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USDA Invests $12.3 Million in Northeast Missouri’s Rural Electric Infrastructure

Lindsay Cheek
Release Date

U.S. Department of Agriculture (USDA) Rural Development State Director for Missouri Jeff Case today announced a $12.3 million investment for the Lewis County Rural Electric Cooperative Association to improve rural electric infrastructure in seven counties in northeast Missouri.

“Investing in modern rural electric infrastructure increases economic opportunity and improves the quality of life in rural communities,” said Case.  “USDA commends Lewis County Rural Electric Cooperative Association for improving in this infrastructure and continuing to build a foundation for northeast Missouri to grow and prosper.”

Lewis County Rural Electric Cooperative Association is receiving a $12.3 million loan to improve electric infrastructure which will build 37 miles of new line, improve 26 additional miles of line, and make other system improvements.  The loan amount also includes $179,300 for smart grid projects.  Lewis County serves approximately 7,100 consumers through 2,491 miles of line in Adair, Clark, Knox, Lewis, Marion, Scotland, and Shelby counties. 

Case’s announcement was made in coordination with Agriculture Secretary Sonny Perdue’s nationwide announcement of USDA’s $345.5 million investment in 20 infrastructure projects to improve rural electric service in 14 states.

“Delivering reliable and affordable electricity to power rural America will help lay the groundwork for increased rural prosperity and economic opportunity,” Secretary Perdue said. “USDA is partnering with rural electric utilities and cooperatives so they can continue to invest in infrastructure improvements to provide electric power to those who live and work in rural areas.”

USDA is making the investments through the Electric Infrastructure Loan Program. It helps finance generation, transmission and distribution projects; system improvements; and energy conservation projects in communities with 10,000 or fewer residents.

The loans include $7.9 million for smart grid technology. This includes computer applications, two-way communications, geospatial information systems and other tools to increase the reliability and efficiency of electric power systems. Below are a few examples of the projects USDA is funding in other states:

  • In Colorado, the San Isabel Electric Association is receiving a $15.8 million loan to build 63 miles of line and improve 143 miles to serve consumers in Huerfano, Las Animas, Pueblo, Custer, Otero and Costilla counties. The area has a lot of economic activity centered around trade, coal, and oil and gas development. The loan includes $752,021 for smart grid projects.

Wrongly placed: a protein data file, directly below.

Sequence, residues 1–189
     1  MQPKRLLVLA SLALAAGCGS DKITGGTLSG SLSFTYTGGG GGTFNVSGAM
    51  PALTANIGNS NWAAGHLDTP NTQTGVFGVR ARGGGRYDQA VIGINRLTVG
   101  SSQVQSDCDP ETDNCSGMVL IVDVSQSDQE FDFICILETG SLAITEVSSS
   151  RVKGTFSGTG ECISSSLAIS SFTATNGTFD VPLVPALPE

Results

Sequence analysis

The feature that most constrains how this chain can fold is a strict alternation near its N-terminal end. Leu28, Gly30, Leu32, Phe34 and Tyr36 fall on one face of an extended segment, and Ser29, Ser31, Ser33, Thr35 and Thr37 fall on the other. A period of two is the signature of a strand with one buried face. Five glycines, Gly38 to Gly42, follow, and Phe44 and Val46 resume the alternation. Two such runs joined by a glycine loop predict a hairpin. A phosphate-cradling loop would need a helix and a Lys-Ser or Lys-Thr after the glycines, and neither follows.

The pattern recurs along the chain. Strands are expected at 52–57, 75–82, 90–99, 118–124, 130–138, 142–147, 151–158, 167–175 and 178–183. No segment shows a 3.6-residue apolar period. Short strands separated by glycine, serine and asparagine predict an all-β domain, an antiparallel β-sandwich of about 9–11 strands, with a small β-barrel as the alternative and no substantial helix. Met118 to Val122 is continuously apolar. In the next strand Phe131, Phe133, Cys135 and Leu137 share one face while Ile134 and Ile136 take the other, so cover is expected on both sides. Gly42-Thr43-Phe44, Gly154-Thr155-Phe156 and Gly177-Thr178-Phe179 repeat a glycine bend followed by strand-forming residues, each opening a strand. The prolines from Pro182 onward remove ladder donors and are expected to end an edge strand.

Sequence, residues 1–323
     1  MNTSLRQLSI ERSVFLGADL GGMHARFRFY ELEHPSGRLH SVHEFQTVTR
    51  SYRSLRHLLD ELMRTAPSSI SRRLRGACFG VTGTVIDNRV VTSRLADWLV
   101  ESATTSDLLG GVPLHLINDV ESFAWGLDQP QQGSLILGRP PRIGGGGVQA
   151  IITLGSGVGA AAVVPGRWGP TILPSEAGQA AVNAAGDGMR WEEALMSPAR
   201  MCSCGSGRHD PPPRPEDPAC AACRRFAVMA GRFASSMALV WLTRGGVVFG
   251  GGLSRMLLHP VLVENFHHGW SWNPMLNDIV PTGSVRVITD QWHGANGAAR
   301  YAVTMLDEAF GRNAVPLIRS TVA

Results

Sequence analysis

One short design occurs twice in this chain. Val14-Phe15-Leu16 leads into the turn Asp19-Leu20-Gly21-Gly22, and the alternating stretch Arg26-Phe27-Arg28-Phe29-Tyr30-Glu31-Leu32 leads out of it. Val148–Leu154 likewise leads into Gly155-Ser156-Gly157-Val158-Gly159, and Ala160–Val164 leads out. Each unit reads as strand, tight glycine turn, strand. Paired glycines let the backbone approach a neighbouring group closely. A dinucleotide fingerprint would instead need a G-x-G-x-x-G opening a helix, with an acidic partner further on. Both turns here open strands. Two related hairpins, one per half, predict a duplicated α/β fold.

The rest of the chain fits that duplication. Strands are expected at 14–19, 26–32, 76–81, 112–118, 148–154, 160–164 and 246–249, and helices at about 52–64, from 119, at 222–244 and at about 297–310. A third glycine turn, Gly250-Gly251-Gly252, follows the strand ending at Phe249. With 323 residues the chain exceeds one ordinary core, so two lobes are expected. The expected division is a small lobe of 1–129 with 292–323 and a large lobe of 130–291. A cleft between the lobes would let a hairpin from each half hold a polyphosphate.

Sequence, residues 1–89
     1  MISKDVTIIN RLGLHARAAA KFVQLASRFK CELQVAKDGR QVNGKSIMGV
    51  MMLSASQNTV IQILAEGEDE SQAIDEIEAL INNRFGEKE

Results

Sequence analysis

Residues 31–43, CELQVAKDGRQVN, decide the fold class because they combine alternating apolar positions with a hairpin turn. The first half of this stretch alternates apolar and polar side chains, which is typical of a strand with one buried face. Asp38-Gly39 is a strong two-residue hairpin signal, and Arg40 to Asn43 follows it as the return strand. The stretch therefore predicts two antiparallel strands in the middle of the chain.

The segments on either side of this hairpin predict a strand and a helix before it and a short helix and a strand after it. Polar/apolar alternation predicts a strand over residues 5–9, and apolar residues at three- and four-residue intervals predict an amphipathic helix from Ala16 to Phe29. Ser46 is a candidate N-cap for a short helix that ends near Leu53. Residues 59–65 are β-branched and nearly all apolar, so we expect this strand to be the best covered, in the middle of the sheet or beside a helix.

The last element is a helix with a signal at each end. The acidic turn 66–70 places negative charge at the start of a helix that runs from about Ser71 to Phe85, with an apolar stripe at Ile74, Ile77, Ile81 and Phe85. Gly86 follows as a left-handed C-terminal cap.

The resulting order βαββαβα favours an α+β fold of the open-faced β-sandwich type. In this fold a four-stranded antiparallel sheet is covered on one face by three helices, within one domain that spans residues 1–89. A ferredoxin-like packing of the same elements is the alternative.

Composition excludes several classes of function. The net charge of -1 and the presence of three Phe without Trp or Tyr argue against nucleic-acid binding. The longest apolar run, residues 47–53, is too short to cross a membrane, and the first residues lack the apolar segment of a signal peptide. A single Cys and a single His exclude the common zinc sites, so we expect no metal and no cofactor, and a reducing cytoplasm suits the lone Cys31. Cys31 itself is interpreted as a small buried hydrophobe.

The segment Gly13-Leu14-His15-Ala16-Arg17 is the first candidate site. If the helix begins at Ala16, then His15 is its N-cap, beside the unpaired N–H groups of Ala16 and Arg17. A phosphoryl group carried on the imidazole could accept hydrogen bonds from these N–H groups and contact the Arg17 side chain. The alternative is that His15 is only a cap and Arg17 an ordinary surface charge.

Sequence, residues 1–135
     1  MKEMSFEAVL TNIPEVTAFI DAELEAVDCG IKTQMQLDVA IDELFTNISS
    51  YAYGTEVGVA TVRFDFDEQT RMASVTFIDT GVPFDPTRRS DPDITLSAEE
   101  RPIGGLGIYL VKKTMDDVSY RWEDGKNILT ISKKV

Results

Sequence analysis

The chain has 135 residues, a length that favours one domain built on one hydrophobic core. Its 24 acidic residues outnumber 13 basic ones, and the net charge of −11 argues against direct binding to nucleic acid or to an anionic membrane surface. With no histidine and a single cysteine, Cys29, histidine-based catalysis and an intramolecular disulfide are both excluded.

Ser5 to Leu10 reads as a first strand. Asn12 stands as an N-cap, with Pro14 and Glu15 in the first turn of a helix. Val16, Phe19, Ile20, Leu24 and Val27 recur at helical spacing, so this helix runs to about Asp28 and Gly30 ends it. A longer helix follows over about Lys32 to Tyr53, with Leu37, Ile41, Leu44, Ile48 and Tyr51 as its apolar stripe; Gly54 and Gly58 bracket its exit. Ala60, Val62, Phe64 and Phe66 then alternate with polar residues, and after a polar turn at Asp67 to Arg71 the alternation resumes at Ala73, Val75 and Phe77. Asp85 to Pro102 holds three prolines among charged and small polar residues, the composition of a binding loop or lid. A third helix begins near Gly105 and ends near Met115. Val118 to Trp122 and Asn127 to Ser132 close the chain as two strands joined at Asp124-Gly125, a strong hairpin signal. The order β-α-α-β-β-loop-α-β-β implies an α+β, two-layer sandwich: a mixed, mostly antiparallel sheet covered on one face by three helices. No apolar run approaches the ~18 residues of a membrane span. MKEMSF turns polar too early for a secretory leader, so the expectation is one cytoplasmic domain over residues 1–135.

• Minnesota’s Goodhue County Electric Cooperative Association will use a $7.75 million loan to construct 28 miles of line and improve 72 miles. The loan includes $315,000 for smart grid projects. Goodhue’s service territory is predominantly agricultural. Most non-farm employment is associated with agricultural and food processing activities.
  • In Georgia, Amicalola Electric Membership Corporation will use a $61.2 million loan to build 302 miles of line and improve 110 miles. The loan includes $64,000 for smart grid projects. Agriculture and tourism are the major industries in Amicalola’s service territory.

USDA is announcing investments today in rural communities in California, Colorado, Florida, Georgia, Illinois, Kansas, Minnesota, Missouri, North Dakota, Ohio, Oklahoma, South Carolina, South Dakota and Wisconsin. They underscore Secretary Perdue’s priority to promote rural economic development by centering around three principles: infrastructure, partnerships and innovation.

USDA’s investments in electric infrastructure have increased productivity and improved the quality of life in rural areas for nearly 80 years.

In April 2017, President Donald J. Trump established the Interagency Task Force on Agriculture and Rural Prosperity to identify legislative, regulatory and policy changes that could promote agriculture and prosperity in rural communities. In January 2018, Secretary Perdue presented the Task Force’s findings to President Trump. These findings included 31 recommendations to align the federal government with state, local and tribal governments to take advantage of opportunities that exist in rural America. Increasing investments in rural infrastructure is a key recommendation of the task force.

To view the report in its entirety, please view the Report to the President of the United States from the Task Force on Agriculture and Rural Prosperity (PDF, 5.4 MB). In addition, to view the categories of the recommendations, please view the Rural Prosperity infographic (PDF, 190 KB).

USDA Rural Development provides loans and grants to help expand economic opportunities and create jobs in rural areas. This assistance supports infrastructure improvements; business development; housing; community services such as schools, public safety and health care; and high-speed internet access in rural areas. For more information, visit www.rd.usda.gov.